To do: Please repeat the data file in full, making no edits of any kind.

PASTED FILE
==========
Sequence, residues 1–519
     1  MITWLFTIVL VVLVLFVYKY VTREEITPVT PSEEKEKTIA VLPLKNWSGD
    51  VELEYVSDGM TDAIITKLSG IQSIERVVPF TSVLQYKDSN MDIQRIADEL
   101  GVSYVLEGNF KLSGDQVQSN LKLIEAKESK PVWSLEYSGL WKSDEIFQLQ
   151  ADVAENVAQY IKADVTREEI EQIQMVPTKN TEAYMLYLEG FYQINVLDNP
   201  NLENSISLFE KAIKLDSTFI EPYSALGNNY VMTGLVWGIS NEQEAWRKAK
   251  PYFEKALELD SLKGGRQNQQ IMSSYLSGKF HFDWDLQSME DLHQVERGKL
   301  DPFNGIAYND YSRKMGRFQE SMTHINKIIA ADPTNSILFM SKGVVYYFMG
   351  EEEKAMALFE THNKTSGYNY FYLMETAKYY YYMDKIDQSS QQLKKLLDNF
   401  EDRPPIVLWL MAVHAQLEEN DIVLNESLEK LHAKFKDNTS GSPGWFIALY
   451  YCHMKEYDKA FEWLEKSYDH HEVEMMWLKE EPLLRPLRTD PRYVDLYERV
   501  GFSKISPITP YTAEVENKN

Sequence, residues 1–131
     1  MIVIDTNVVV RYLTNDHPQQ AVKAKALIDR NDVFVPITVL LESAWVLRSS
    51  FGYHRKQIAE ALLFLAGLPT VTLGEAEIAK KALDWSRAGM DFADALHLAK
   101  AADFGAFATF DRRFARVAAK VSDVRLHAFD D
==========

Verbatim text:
Sequence, residues 1–519
     1  MITWLFTIVL VVLVLFVYKY VTREEITPVT PSEEKEKTIA VLPLKNWSGD
    51  VELEYVSDGM TDAIITKLSG IQSIERVVPF TSVLQYKDSN MDIQRIADEL
   101  GVSYVLEGNF KLSGDQVQSN LKLIEAKESK PVWSLEYSGL WKSDEIFQLQ
   151  ADVAENVAQY IKADVTREEI EQIQMVPTKN TEAYMLYLEG FYQINVLDNP
   201  NLENSISLFE KAIKLDSTFI EPYSALGNNY VMTGLVWGIS NEQEAWRKAK
   251  PYFEKALELD SLKGGRQNQQ IMSSYLSGKF HFDWDLQSME DLHQVERGKL
   301  DPFNGIAYND YSRKMGRFQE SMTHINKIIA ADPTNSILFM SKGVVYYFMG
   351  EEEKAMALFE THNKTSGYNY FYLMETAKYY YYMDKIDQSS QQLKKLLDNF
   401  EDRPPIVLWL MAVHAQLEEN DIVLNESLEK LHAKFKDNTS GSPGWFIALY
   451  YCHMKEYDKA FEWLEKSYDH HEVEMMWLKE EPLLRPLRTD PRYVDLYERV
   501  GFSKISPITP YTAEVENKN

Sequence, residues 1–131
     1  MIVIDTNVVV RYLTNDHPQQ AVKAKALIDR NDVFVPITVL LESAWVLRSS
    51  FGYHRKQIAE ALLFLAGLPT VTLGEAEIAK KALDWSRAGM DFADALHLAK
   101  AADFGAFATF DRRFARVAAK VSDVRLHAFD D